A recent draft of cattle on the Thrive demo farm saw a further 10 heifers and eight bullocks slaughtered off grass. The bullocks averaged 300kg and €1,290/hd, while the heifers weighed 261kg on average at a value of €1,145/hd.
This brings the total number of cattle drafted to 72 from the batch of 141 cattle, which is just over 51% in total. At the same point last year, just 25% of cattle had been drafted for slaughter.
This shows the extent of the difference between the two years. Right across the Thrive programme, farmers are drafting stock for slaughter around one month earlier than last year.
The breakdown of the cattle drafted sees 43 (66%) heifers and 29 (39%) bullocks slaughtered to-date. Bringing forward the slaughter date has the benefit of less feed going into the system – for heifers this is a daily feed cost for grass and meal of €1.43/hd/day while for the bullocks it costs €1.75/hd/day.
However, bringing forward the slaughter date can come at the expense of carcase weight, which can significantly reduce the sale price achieved for stock. Last year, the heifers off grass (up to the end of October) had an average carcase weight of 275kg.
So far this year, the average heifer carcase weight is 266kg, albeit with more stock still to be slaughtered off grass this year. This means we are running 9kg of carcase behind last year at this point, but this gap would be expected to close over the coming weeks.
This 9kg of carcase reduction is cancelled out by the saving in feed costs. One month’s feed to the heifers at grass comes to €43.50/hd. The average price/kg carcase paid so far this year for the heifers is €4.32/kg. Dividing one by the other, the feed cost saving is equivalent to 10kg of carcase.
What isn’t included in this equation is the saving on labour and the benefit of the extra grass, which should mean the farm can keep this year’s calves out for longer this back end.
Another benefit which farmers are not currently being rewarded for is the environmental benefit of a younger slaughter age.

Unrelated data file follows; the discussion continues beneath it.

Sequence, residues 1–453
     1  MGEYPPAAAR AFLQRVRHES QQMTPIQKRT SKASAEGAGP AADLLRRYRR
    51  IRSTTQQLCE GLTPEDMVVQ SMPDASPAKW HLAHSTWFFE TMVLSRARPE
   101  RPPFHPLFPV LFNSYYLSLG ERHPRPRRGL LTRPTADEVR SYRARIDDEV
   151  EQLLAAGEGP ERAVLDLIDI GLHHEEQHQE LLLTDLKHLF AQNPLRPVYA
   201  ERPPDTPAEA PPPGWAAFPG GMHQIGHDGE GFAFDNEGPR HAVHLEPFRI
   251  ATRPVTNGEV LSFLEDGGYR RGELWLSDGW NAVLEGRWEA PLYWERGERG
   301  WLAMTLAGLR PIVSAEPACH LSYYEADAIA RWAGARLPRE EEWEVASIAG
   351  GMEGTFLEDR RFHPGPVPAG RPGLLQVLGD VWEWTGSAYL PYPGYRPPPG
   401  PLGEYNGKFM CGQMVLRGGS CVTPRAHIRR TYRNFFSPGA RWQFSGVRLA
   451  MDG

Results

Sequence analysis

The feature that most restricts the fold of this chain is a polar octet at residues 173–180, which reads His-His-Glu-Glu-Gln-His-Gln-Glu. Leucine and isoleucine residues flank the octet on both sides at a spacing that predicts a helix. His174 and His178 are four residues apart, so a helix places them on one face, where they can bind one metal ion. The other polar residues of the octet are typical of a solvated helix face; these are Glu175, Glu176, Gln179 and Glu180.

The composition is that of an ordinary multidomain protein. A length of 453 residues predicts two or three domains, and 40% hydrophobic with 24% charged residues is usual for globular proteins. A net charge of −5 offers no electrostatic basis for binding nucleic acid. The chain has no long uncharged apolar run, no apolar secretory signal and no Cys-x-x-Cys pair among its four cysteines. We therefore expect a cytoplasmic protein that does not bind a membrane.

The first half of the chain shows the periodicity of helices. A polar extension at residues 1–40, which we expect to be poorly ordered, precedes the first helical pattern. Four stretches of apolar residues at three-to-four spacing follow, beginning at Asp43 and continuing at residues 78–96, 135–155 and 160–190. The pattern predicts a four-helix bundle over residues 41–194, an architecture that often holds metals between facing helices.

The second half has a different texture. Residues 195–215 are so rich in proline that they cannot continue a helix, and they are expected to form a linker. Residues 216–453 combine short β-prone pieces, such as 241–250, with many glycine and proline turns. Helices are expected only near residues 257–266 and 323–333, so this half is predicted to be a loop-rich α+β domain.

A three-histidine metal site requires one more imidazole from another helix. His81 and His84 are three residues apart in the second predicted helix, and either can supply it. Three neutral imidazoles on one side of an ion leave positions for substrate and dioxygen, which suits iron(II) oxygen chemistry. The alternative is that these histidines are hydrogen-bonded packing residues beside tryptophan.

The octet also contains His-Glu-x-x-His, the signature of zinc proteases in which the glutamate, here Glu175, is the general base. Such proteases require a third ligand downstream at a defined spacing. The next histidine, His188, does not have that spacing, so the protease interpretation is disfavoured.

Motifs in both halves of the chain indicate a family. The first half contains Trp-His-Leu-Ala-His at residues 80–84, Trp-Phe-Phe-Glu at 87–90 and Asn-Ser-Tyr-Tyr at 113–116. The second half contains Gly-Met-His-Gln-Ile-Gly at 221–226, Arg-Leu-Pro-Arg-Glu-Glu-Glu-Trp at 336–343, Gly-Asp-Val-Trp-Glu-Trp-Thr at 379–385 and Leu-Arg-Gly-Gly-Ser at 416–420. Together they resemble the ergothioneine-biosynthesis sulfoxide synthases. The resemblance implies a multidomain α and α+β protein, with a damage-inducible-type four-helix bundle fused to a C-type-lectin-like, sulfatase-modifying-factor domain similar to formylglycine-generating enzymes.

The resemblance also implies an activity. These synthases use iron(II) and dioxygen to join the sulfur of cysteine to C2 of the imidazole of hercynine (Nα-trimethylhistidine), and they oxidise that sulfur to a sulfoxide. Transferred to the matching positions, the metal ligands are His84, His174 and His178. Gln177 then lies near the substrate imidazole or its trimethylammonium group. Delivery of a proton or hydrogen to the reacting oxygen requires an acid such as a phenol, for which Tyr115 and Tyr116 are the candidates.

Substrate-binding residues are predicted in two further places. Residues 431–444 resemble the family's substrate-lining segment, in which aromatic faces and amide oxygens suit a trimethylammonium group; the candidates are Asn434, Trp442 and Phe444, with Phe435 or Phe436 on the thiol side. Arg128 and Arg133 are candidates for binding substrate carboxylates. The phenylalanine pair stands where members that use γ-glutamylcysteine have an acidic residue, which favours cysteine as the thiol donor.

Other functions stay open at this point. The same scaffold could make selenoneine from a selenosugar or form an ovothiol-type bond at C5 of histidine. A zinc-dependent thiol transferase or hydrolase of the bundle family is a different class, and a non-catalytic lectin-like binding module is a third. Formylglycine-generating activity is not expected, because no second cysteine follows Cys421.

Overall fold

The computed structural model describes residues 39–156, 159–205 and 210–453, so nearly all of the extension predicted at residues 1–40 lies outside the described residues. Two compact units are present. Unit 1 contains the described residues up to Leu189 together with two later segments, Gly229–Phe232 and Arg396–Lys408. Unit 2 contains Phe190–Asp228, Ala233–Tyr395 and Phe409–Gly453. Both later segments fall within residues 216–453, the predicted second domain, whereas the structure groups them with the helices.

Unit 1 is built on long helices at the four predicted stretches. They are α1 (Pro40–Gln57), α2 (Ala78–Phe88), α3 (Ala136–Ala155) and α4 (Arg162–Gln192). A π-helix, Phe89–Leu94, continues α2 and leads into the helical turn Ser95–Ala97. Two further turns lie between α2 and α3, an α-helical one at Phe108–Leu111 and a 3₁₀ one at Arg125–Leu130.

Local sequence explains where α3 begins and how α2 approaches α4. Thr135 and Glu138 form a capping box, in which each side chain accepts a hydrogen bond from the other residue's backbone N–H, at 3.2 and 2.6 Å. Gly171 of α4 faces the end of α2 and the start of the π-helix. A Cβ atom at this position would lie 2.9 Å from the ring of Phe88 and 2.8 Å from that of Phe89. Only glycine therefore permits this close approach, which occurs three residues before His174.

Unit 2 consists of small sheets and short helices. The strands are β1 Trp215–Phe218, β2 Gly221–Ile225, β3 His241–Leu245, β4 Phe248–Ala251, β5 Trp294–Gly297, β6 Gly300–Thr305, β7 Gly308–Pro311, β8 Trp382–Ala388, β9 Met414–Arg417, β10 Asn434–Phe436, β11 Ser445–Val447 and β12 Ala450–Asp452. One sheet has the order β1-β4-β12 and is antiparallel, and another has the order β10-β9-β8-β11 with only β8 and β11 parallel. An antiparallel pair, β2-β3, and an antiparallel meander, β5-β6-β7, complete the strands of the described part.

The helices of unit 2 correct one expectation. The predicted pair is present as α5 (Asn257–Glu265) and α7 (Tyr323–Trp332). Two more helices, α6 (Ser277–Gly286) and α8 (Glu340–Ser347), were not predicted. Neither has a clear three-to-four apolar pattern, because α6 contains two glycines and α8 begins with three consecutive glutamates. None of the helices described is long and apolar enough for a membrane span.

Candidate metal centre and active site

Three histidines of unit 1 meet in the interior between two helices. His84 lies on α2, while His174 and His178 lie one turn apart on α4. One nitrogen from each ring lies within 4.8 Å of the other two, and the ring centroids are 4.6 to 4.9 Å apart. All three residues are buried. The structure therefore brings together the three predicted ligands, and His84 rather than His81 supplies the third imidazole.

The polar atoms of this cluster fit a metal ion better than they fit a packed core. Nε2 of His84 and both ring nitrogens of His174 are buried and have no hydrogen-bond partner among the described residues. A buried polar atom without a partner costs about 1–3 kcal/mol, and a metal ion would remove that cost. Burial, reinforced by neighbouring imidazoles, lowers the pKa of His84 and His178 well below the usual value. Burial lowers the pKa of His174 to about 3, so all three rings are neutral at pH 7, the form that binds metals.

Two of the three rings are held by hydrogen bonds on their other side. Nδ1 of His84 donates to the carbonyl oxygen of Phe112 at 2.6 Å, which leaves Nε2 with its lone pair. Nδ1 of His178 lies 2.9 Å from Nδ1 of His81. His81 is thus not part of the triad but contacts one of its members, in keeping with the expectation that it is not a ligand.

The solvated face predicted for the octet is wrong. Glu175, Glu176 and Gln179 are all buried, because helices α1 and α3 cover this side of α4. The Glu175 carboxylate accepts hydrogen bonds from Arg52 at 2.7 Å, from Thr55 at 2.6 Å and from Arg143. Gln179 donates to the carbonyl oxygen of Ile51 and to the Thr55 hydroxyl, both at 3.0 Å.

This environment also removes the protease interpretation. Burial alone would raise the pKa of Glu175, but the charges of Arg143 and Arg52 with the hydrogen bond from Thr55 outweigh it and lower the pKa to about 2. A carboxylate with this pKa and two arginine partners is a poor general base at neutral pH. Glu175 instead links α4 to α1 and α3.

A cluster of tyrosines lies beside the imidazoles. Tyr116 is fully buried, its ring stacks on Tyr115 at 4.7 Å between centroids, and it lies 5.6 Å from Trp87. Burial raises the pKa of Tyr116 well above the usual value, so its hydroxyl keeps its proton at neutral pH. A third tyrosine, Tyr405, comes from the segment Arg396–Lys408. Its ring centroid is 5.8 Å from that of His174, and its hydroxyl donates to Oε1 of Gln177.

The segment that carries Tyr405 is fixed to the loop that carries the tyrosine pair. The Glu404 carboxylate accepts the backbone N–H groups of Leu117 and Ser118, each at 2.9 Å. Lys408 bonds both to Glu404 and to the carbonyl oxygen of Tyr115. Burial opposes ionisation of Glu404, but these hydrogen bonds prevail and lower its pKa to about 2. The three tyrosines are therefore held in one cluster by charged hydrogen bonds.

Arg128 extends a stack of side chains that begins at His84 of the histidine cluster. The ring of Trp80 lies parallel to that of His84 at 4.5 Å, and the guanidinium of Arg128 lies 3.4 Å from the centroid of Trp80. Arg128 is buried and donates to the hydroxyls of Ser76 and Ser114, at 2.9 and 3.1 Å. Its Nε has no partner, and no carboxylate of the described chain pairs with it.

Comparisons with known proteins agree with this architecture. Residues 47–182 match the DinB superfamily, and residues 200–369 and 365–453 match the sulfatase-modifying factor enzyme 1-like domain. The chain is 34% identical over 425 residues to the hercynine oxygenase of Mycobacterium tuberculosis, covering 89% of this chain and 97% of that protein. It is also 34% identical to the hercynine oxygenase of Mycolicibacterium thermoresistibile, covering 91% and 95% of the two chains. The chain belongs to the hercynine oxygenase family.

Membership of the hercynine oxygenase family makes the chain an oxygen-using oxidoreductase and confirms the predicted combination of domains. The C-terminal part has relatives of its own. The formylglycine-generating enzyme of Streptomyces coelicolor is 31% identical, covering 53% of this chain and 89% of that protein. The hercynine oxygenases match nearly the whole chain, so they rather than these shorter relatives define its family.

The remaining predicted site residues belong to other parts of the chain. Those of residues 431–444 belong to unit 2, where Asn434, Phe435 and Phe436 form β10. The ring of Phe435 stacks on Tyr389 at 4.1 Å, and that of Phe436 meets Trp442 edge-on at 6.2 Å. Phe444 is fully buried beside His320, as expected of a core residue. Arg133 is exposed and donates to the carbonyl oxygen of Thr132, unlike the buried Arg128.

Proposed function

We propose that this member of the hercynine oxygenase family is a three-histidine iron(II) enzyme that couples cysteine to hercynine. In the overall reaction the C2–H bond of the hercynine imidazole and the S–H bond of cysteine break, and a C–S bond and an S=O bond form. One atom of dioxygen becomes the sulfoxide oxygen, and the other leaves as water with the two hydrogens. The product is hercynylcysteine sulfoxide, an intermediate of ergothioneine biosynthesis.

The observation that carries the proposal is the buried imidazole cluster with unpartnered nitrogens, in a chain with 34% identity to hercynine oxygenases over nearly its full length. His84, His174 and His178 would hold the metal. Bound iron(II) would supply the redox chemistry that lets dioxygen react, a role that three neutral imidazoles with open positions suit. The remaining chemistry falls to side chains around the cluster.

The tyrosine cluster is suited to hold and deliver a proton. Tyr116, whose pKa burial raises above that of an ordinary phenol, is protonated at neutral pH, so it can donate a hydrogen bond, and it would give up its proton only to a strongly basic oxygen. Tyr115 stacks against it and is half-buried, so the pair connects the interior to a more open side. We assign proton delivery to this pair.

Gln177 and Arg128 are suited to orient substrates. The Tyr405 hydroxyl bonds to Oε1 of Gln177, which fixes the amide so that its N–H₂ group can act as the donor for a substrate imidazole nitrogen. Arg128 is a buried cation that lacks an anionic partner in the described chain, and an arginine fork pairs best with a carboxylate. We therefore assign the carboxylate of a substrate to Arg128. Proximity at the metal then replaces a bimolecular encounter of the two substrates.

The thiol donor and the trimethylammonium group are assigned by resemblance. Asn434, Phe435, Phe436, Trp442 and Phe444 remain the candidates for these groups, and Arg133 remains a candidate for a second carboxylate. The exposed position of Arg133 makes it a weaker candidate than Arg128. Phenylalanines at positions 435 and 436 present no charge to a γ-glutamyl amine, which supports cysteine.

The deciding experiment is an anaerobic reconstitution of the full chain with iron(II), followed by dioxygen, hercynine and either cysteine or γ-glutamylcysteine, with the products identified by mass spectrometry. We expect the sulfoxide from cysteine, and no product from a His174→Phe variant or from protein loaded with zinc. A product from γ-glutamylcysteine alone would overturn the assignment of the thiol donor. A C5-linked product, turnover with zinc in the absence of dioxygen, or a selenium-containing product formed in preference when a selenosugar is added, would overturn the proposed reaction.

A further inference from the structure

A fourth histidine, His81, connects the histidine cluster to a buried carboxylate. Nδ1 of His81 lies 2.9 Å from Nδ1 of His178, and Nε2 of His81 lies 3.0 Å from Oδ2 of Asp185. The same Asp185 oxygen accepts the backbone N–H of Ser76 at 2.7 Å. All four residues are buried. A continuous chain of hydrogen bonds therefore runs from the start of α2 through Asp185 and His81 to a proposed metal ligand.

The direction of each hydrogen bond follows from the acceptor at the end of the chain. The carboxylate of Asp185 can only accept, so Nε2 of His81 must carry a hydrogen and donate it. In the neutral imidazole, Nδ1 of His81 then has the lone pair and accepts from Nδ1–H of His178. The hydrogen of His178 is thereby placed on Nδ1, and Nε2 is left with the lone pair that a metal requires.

According to the ICBF, every 30 days taken off the age at slaughter nationally has the equivalent greenhouse gas emissions saving as culling 100,000 cows from the national herd. How important might this argument be in years to come?
If we look at the pictures of cattle slaughtered, two would be typical of what the programme is producing from grass each year. Picture 3 is quite different.
When all the cattle were weighed at the start of August, any heifer under 470kg and bullock under 500kg did not start to get meal at grass. At that point, the heifer in Picture 3 weighed 445kg. In the following six weeks, she had an average daily gain of 0.38kg/day – by far the lowest in the batch.
We therefore had a decision to make – did it make sense to feed meal to this lowly productive animal for the next three weeks or a month when she already was significantly fleshed?
The answer we came to was no. In all likelihood, she would not have performed sufficiently enough to cover the increased feed cost and quite possibly would have been over-fat at the point of slaughter leading to a further price penalty.
She ended up with a 218kg carcase and graded O-3+. It could be argued that a few weeks of feeding may have pushed her into grading an O= and we would then have been back only 18c/kg on the grid compared to 24c/kg and would have received a 20c/kg for the ‘in-spec’ payment compared to the 12c/kg received. This would also have resulted in her qualify for the 10c/kg breed bonus.
That would have resulted in a €52 increase in the carcase value without any increase in carcase weight. However, there was no guarantee that she would have gone up a grade – there were two other animals killed the same day that graded O- having been fed meal at grass since 1 August.
Margin over feed
In this case, it was a lose-lose situation. We could have fed her on for a few weeks and felt better about the carcase value on the factory docket but financially we may have been no better off.
She came onto the farm in a batch of 10 calves of which six were heifers purchased at €155/head. Two other of these heifers have been slaughtered already at carcase weights of 253kg O=4+ and 275kg O=4=, the other three remain on farm.
The heifer in question is what makes dairy-beef systems difficult. Until we can identify the genetic potential of these animals at birth they will continue to be a problem and bring down the overall profitability of these systems.